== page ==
Updated on January 21, 2020.
Medical content reviewed by Dr. Joseph Rosado, MD, M.B.A, Chief Medical Officer
There’s a lot going on in your noggin. A complex interplay of chemical messengers keeps your brain functioning optimally. But for people with fibromyalgia, a chronic pain disorder of central nervous system processing, the normal flow of these chemicals gets disrupted.
Consequently, you can experience bizarre symptoms, such as chronic widespread pain, low energy and sleep problems, so you wake up feeling as tired as when you went to bed. You might also suffer headaches, migraines and bladder issues. If you suspect you’re among the 1-4% of people with fibromyalgia, medical marijuana may help temporarily relieve your symptoms. A study in the Journalof Clinical Medicine of 367 fibromyalgia patients treated at a specialized cannabis clinic found nearly 71% responded to medical marijuana. Their pain intensity dropped from a 9 on a scale of 0 to 10, on avereage, to 5. The study’s authors concluded that “medical cannabis appears to be a safe and effective alternative for treating fibromyalgia symptoms.” Which strains offer the most benefit? If marijuana is legal in your state or fibromyalgia is a qualifying medical condition, feel free to do your own experiment to see what works for you. Although lots more research needs to be done, here’s the latest on the best strains for symptom relief.
Start With an Indica
Most cannabis sold today is a hybrid of two major strains, indica and sativa. If you’re not sure where to begin, ask for a strain that’s indica-dominant. A survey of 95 medical cannabis users in the Journal of Alternative and Complementary Medicine found a significant majority preferred indica to sativa for managing pain. Indica strains’ therapeutic effects include relaxing the mind and muscles, reducing inflammation, aiding sleep and reducing anxiety. Some people prefer to use them at night because of their sedating effect.
Seek out Strains by Name
Whether you should simplify shopping for medical cannabis by asking for an indica-dominant strain is a matter of debate. Some experts say it’s a better bet to seek out strains by name that are known for their mix of CBD, THC, and terpenoids (plant extracts) that produce the desired therapeutic effect. Suggested strains for pain relief include:
Blackberry Kush: This indica-dominant strain may help with fibromyalgia-induced sleep problems. It’s known for its high THC content of up to 20 percent.
ACDC: This sativa-dominant strain is known for its high CBD-to-THC profile, which makes it an effective pain killer.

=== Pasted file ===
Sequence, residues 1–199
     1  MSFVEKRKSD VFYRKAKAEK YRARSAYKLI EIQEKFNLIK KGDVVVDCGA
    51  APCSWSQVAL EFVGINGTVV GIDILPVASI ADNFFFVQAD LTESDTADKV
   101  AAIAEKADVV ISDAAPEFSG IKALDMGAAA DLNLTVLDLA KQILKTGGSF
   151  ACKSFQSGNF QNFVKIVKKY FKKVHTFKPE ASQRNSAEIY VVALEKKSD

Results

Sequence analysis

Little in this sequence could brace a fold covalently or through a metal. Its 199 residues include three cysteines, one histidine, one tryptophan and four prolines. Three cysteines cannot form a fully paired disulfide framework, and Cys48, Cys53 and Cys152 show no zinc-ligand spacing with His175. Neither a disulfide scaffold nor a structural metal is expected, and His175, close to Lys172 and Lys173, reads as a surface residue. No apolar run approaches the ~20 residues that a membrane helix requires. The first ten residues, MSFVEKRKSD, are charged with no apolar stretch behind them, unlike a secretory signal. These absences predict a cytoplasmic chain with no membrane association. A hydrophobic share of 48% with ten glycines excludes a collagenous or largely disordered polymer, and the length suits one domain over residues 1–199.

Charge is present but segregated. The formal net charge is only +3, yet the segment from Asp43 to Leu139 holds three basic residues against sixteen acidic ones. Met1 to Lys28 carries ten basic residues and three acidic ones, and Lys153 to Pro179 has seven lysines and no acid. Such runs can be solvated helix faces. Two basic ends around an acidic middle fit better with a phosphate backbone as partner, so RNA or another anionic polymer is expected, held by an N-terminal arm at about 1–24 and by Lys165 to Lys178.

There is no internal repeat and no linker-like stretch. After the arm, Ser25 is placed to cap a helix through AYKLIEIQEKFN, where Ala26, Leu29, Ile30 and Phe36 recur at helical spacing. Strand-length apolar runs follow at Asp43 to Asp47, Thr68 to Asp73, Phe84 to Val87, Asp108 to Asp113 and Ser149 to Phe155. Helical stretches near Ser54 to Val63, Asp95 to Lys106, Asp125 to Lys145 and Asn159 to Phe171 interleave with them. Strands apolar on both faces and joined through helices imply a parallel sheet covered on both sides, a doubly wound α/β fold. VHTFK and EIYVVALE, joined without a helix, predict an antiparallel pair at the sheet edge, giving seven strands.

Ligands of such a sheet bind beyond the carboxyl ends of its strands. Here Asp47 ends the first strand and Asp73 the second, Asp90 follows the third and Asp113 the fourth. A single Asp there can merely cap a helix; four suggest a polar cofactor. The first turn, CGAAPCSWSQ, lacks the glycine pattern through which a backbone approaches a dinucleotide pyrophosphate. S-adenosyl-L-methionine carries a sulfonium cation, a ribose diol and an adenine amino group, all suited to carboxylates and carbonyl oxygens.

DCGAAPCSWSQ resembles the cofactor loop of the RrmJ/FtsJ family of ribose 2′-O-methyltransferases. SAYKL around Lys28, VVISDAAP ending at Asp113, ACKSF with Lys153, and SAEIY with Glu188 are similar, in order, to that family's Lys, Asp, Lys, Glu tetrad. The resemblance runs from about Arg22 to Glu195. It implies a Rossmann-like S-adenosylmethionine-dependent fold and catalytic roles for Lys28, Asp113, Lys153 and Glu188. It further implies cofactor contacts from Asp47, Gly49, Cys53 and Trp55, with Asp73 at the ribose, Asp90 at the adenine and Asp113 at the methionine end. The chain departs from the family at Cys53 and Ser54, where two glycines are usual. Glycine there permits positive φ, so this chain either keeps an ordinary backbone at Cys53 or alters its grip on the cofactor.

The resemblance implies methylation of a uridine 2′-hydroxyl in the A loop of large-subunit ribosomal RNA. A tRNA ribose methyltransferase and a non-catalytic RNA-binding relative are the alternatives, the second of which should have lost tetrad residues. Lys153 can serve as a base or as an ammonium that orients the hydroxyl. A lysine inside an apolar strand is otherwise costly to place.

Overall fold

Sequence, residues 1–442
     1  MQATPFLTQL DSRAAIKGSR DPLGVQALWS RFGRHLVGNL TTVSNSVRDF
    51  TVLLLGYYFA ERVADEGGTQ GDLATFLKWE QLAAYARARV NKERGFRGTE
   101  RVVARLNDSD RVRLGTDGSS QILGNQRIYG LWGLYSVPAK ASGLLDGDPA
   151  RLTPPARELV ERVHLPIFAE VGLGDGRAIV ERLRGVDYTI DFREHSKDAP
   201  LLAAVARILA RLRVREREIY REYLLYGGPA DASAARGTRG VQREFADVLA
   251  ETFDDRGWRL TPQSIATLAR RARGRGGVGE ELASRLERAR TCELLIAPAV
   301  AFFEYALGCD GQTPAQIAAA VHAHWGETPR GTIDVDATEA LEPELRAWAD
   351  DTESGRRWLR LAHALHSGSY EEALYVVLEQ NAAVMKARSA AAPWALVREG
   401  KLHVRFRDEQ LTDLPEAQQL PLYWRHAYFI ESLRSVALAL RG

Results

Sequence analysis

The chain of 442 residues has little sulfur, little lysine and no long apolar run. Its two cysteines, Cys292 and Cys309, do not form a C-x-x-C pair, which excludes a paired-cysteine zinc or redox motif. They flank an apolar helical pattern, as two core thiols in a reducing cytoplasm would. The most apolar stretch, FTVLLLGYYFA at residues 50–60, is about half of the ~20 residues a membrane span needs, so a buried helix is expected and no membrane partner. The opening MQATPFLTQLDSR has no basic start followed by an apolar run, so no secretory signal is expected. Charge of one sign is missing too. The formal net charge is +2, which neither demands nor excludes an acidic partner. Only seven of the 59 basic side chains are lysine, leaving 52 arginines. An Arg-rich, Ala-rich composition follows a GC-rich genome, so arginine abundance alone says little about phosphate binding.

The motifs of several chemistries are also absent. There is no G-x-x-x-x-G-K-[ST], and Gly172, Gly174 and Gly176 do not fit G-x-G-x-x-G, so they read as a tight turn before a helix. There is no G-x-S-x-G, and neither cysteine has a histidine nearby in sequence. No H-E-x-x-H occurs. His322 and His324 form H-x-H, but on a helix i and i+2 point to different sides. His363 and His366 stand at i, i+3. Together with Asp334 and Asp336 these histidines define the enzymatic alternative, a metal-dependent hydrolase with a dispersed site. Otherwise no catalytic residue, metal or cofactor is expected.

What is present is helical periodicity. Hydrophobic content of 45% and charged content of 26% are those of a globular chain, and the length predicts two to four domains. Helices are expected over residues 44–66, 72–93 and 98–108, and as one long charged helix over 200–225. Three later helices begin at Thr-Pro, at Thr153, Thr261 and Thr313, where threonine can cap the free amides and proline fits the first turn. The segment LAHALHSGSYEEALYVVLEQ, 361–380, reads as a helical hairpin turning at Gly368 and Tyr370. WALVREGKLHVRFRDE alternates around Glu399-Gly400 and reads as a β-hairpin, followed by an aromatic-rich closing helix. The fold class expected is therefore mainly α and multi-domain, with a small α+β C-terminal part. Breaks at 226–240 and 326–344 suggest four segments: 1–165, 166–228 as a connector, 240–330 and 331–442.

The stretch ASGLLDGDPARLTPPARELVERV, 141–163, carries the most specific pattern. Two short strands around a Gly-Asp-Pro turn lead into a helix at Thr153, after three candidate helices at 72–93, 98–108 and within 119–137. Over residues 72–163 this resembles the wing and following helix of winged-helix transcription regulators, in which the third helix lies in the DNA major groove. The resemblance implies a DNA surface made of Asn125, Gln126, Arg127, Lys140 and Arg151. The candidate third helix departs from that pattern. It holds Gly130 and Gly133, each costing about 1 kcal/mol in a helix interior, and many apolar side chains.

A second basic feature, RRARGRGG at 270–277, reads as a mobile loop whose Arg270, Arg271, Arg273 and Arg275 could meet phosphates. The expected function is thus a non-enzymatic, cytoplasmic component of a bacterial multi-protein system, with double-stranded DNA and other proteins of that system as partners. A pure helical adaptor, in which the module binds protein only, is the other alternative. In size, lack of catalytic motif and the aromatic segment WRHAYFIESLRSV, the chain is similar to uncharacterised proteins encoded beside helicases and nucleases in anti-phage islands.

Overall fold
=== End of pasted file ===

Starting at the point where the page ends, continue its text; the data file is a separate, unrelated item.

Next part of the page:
Harlequin, a sativa-dominant strain, offers high levels of CBD that make it effective for pain relief, tamping down THC’s side effects.
Cannatonic. This hybrid strain offers a low THC-to-CBD ratio, which some find helpful for pain management.
Supernova. This indica-dominant hybrid may have THC content of up to 25%. Some find it effective for fibromyalgia relief.
Blue Dream. This sativa- and THC-dominant hybrid is known for its pain relieving powers. Because it isn’t overly sedating, it may be appropriate for daytime use.
Golden Goat. If the stress of having a chronic condition is taking an emotional toll, Golden Goat may be for you. It may boost euphoria for a full-body effect.
Mix and Match
For fibromyalgia relief, keep in mind that one size doesn’t fit all. You may need to experiment with different strains and forms of medical marijuana and adjust your dose more than once until you find the right one or combination from your dispensary that helps control pain while minimizing side effects. Be sure to talk with your doctor too, especially if you’re also taking prescription medications for fibromyalgia, such as gabapentin (Neurontin), pregabalin (Lyrica) or duloxetine (Cymbalta). These prescription drugs can help provide temporary relief by limiting the central nervous system’s release of chemicals that communicate pain, but you want to make sure they will mesh well with your medical marijuana regimen. Are the medical marijuana strains you choose providing symptom relief? To help you assess if your prescribed (or self-prescribed) fibromyalgia treatment is working, complete the patient global impression of change (PGIC). The seven-question survey will help you gauge whether you’re feeling better or worse over time.
About the author
Sandra Gordon is a writer specializing in health and medicine for consumers and physicians. She has written for Everyday Health, Prevention, Healthgrades, Parents, the Cleveland Clinic, NYU Langone Health, Harvard Medical School, Your Teen, WebMD and many more.